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Working Paper Number RSM2018-11
Jennifer Leeman
Component ID: #ti1764329433

Abstract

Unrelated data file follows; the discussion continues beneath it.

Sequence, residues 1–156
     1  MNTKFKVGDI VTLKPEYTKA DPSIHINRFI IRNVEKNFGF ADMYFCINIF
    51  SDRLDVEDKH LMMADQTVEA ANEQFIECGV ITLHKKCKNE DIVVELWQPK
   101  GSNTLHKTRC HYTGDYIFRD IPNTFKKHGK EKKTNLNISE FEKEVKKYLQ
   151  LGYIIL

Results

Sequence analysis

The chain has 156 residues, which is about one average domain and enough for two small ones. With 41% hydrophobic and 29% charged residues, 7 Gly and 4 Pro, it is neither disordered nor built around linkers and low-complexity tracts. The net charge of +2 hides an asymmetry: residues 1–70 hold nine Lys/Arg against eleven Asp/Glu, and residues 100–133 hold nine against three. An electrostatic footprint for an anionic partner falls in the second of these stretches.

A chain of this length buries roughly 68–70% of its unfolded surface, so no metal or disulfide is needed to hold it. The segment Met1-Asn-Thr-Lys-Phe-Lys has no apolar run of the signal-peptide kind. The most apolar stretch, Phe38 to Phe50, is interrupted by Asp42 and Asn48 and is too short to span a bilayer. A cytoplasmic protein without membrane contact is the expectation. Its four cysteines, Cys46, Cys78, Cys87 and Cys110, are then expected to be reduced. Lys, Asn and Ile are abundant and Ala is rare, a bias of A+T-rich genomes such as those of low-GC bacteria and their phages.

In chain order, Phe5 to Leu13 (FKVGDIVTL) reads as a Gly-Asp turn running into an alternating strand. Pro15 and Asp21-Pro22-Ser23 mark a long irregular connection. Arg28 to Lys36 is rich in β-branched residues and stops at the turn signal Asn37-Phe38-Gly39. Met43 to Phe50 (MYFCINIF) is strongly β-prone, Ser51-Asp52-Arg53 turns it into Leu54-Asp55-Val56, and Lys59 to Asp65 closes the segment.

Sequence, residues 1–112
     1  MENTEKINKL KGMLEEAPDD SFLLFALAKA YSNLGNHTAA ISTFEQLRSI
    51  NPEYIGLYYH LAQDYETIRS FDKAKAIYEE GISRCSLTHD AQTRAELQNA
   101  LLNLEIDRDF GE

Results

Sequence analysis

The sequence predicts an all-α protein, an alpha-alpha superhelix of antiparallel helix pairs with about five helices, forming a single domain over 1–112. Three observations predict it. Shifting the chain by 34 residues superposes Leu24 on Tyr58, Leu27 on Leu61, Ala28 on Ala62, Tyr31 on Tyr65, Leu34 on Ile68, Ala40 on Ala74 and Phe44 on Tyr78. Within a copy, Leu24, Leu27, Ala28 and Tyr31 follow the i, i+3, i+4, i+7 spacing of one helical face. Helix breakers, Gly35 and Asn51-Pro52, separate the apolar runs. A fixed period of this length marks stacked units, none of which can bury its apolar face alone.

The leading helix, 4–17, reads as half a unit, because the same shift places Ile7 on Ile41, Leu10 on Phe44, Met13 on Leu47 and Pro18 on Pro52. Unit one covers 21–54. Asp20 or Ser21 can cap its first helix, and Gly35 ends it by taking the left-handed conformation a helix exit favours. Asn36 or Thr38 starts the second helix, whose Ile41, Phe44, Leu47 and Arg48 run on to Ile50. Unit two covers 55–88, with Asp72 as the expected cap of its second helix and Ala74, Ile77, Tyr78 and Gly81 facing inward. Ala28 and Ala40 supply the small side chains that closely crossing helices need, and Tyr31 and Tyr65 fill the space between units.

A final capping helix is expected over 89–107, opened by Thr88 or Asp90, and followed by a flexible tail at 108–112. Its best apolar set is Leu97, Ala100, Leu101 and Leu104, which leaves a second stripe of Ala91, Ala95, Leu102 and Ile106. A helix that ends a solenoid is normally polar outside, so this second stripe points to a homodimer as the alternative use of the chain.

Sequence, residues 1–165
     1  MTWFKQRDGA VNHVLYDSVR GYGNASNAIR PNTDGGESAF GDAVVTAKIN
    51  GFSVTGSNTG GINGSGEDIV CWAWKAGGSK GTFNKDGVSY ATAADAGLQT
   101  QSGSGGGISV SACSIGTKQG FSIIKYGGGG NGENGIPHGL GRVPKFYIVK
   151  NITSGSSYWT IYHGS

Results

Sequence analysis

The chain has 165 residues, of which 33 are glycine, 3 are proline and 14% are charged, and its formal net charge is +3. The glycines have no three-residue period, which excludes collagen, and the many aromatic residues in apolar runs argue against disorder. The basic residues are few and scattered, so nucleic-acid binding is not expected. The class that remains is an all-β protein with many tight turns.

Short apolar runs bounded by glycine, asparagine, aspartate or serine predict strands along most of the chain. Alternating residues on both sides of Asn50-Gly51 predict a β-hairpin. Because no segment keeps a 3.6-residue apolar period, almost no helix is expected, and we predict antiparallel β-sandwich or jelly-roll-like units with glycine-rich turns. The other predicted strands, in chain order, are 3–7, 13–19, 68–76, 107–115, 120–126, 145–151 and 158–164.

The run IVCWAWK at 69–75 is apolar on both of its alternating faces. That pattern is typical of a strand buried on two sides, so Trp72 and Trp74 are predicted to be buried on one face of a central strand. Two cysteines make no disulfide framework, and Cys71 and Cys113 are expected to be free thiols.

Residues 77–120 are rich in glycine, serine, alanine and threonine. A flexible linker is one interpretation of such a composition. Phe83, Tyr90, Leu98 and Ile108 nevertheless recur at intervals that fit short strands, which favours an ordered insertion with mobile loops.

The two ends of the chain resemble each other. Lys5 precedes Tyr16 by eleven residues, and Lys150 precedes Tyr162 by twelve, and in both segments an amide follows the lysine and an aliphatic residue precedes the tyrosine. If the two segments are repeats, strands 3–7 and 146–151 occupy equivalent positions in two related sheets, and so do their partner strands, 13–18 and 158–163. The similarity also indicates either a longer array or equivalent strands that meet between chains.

The U.S. Census Bureau’s language statistics, like those of other national statistical agencies, are put to a wide range of public and private uses, but many users may be unaware of how or why these statistics are produced. After presenting a taxonomy of census language questions and their policy uses from around the world, this article examines how and why the U.S. Census Bureau asks about language. Specifically, I explain the federal policies that led to the development of the current three-part language question, analyze how policy has changed since it was introduced, and synthesize the survey methodological research that has been used to evaluate the validity and reliability of the resulting data. I conclude with a discussion of a recent qualitative study that investigated the basis of respondents’ answers to the language question, as well as the criteria that respondents use when evaluating the English-speaking ability of other household members.

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